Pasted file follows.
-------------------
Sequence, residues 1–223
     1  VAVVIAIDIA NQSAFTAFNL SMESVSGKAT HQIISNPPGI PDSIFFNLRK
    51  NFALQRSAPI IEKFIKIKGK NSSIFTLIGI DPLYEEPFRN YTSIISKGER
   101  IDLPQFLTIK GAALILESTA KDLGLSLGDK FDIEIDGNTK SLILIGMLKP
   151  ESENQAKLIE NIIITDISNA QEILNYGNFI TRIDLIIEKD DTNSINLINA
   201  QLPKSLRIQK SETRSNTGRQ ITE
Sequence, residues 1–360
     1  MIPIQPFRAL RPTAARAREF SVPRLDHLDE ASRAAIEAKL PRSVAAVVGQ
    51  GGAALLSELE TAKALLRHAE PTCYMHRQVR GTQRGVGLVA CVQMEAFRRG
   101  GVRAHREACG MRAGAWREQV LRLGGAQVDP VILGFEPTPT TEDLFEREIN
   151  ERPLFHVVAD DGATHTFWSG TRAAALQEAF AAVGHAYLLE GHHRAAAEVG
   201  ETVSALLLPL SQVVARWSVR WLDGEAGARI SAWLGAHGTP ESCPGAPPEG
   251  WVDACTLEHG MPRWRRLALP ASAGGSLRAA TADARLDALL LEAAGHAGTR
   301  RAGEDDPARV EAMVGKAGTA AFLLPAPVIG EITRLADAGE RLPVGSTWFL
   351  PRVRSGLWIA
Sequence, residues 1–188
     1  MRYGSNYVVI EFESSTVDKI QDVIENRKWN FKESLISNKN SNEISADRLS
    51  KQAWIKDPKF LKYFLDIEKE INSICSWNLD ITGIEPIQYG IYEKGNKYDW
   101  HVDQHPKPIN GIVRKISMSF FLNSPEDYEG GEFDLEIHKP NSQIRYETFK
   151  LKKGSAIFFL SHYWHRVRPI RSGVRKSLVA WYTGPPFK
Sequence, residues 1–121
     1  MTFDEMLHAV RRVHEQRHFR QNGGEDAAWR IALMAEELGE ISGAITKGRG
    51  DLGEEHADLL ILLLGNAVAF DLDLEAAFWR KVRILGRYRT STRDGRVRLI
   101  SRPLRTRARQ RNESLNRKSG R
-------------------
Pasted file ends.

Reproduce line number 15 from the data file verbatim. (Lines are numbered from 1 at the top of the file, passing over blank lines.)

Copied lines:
   351  PRVRSGLWIA